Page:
Access to care can be Increased with RPM for several reasons. Transportation is not a barrier in RPM. In addition, as patients receive feedback remotely, they do not need to set aside lengthy chunks of time, often using sick days or vacation days, to drive to the doctor, wait, and have the appointment before driving back to work.
These are some other potential ways that RPM can improve patient health.
Addressing concerns earlier, such as noticing a patient’s blood pressure increasing and discussing the importance of medication adherence and physical activity before a regular, such as annual, appointment or before the patient presents with a stroke or other complication of uncontrolled high blood pressure.
Improved patient engagement via increased satisfaction with care due to physician feedback and reduced time spent accessing care.
Increased accountability due to the knowledge that 24/7 data are available to the healthcare provider.
Richer patient data that allow for more personalized assessment of the patient’s health and behaviors.
For healthcare solutions to work, physicians have to buy into them, which means the economic balance needs to be favorable. This is the case for RPM, as the healthcare system continues to shift towards a value-based care approach, since patient outcomes can improve.
In addition, RPM can lead to increased efficiency because it enables doctors to receive data quickly without needing to chase down patients and schedule appointments to gather data. The richer patient data integrate with your electronic chart so you can easily keep track of each patient without interrupting workflow. And, richer patient data allow for more personalized care.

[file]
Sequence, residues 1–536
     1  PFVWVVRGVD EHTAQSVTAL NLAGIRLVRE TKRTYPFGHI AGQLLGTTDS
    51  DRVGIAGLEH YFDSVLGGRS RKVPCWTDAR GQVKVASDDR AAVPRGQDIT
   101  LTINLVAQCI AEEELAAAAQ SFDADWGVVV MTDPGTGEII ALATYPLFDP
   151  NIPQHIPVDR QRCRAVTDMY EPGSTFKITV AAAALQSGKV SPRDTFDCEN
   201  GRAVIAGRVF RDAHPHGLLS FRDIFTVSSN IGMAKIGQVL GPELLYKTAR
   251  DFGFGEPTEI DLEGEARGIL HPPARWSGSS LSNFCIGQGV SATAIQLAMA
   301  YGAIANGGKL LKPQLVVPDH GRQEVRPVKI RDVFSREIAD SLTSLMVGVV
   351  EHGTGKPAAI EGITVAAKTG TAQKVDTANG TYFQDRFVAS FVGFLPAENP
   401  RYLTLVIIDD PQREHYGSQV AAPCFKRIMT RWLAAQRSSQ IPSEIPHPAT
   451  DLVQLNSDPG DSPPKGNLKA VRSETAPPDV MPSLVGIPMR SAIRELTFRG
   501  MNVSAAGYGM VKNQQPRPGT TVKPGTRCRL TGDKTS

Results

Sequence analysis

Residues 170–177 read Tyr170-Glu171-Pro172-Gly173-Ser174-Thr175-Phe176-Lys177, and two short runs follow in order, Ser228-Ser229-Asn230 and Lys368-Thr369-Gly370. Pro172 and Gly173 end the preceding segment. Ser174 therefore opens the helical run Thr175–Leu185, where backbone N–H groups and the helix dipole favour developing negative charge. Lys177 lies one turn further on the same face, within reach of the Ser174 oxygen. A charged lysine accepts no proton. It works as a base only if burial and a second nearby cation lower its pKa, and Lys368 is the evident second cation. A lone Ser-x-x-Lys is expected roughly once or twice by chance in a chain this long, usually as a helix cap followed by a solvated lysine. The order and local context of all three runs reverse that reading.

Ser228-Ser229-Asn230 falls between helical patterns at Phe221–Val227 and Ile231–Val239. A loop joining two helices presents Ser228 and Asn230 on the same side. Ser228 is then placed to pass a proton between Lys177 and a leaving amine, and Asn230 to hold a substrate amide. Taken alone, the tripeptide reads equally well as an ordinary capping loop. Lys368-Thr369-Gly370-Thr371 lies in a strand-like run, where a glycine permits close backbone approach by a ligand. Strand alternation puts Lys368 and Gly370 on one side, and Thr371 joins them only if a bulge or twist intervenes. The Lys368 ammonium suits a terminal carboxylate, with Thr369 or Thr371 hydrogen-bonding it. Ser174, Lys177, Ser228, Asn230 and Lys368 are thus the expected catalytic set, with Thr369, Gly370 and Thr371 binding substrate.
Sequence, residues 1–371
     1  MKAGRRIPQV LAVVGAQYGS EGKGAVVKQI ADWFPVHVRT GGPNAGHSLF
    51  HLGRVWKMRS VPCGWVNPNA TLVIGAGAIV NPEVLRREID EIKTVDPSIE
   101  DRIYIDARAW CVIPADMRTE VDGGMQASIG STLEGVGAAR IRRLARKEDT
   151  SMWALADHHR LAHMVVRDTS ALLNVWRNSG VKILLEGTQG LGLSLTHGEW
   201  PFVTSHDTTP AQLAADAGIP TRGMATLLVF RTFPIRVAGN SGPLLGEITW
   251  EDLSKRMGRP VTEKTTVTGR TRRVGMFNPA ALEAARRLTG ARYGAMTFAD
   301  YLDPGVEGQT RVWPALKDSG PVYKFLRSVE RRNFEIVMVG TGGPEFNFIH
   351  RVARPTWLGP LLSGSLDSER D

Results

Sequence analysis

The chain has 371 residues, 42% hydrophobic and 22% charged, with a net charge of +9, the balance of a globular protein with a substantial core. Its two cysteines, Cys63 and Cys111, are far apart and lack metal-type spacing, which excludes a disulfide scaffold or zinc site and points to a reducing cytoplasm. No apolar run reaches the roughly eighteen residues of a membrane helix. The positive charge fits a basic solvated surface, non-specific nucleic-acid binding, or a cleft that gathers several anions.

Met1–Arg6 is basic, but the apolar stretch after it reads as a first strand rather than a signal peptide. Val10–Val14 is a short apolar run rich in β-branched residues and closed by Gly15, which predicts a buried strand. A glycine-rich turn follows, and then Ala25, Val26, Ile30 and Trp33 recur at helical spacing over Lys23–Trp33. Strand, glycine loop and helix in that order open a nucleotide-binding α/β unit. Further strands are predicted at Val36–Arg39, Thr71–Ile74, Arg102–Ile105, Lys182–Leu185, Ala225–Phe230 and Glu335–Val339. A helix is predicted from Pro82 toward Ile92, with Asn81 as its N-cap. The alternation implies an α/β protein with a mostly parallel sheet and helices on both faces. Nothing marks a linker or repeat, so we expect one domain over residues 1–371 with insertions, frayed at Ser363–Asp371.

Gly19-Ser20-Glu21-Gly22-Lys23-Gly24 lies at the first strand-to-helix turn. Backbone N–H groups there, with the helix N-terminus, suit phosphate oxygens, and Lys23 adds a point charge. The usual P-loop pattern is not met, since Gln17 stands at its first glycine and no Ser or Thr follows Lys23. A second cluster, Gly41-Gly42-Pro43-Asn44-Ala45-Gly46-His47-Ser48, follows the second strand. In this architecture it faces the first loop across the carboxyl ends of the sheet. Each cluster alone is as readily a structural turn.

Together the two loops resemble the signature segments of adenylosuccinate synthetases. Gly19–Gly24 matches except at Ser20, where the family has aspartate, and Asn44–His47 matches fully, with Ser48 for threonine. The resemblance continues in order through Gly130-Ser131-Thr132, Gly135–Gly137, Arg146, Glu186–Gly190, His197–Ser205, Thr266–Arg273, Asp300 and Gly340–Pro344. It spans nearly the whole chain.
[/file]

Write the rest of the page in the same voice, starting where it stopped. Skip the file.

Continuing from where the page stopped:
Increased efficiency is not the only reason for a favorable financial analysis of RPM. There is also an increased revenue stream. The increased reimbursement for RPM reflects the growing importance of RPM. Under Medicare, RPM is reimbursable under four CPT codes, allowing for up to $160 per patient per month of ongoing revenue. These codes are used for billing for RPM .
99453: Initial equipment set up and education for patients on parameters such as weight, blood pressure, blood glucose, temperature, or physical activity.
99454: Monitoring these parameters remotely.
99457: Remote and interactive patient communication about these parameters (20 minutes).
99458: Communicating with patients remotely about these parameters (additional 20 minutes).
Reduced Strain on the Healthcare System
What happens when patients are healthier, readmission rates are lower, and providers are able to give more care remotely? Fewer patients go to emergency rooms and get hospitalized. With fewer patients present in healthcare facilities because of better management of chronic conditions, more resources are available for other uses.
This benefit addresses an issue that was put under the spotlight during the COVID-19 outbreak, as hospitals threatened to become overcrowded and some patients were turned away due to lack of space.
With such potential to improve patient health and benefit physicians and the healthcare system, RPM is gaining attention. It makes sense to adapt RPM as part of your practice if you typically analyze patient data to assist with their care.
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Chronic conditions account for 90% of all US healthcare spending. At the same time, 47% of physicians report feeling burnt out, and there is an estimated shortage of 3.2 million healthcare workers predicted by 2026.